Sutton council made headlines in your paper (‘The future looks bleak,’ headteachers tell parents in letter, 10 February) after local schools wrote to me about reductions in their funding. Sutton council has the challenging task of working with schools to manage demands on funding from schools, nurseries and other early years provision, supporting young people with special educational needs, while per-pupil funding is at best steady in cash terms, implying a real-terms cut when rising costs and growth are taken into consideration.

The vagaries of school funding and the role that local authorities now have in education undermine confidence in the system and give rise to misunderstandings such as those expressed last week. Local authorities have no control over how much money is provided from central government to distribute to schools. This is a central decision of an ever more centralised system. We have no control over costs relating to pensions, national insurance, pay or the apprenticeship levy. Nor do we benefit from the savings sought.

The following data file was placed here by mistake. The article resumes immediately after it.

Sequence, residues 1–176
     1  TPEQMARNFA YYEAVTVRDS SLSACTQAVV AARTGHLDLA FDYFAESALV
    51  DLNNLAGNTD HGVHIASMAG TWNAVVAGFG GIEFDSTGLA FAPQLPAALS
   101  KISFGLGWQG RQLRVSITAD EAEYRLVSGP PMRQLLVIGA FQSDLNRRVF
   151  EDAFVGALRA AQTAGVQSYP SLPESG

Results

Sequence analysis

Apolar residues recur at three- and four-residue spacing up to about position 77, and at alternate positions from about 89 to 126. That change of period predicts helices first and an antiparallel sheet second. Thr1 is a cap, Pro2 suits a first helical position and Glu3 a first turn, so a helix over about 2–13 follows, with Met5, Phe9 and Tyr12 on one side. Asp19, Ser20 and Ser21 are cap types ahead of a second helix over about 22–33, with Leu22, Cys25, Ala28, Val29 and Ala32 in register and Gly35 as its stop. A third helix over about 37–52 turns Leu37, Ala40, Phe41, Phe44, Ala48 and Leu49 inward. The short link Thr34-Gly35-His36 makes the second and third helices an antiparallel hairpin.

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Princess Nokia in row over 'public display of sexism' at Cambridge University

The Guardian Unlimited - Tue, 21/02/2017 - 12:46

Witnesses say rapper walked off stage and hit audience member after alleged verbal abuse during her performance at a university charity show

Princess Nokia was reportedly involved in a “public display of sexism and misogynoir” at Cambridge University last week.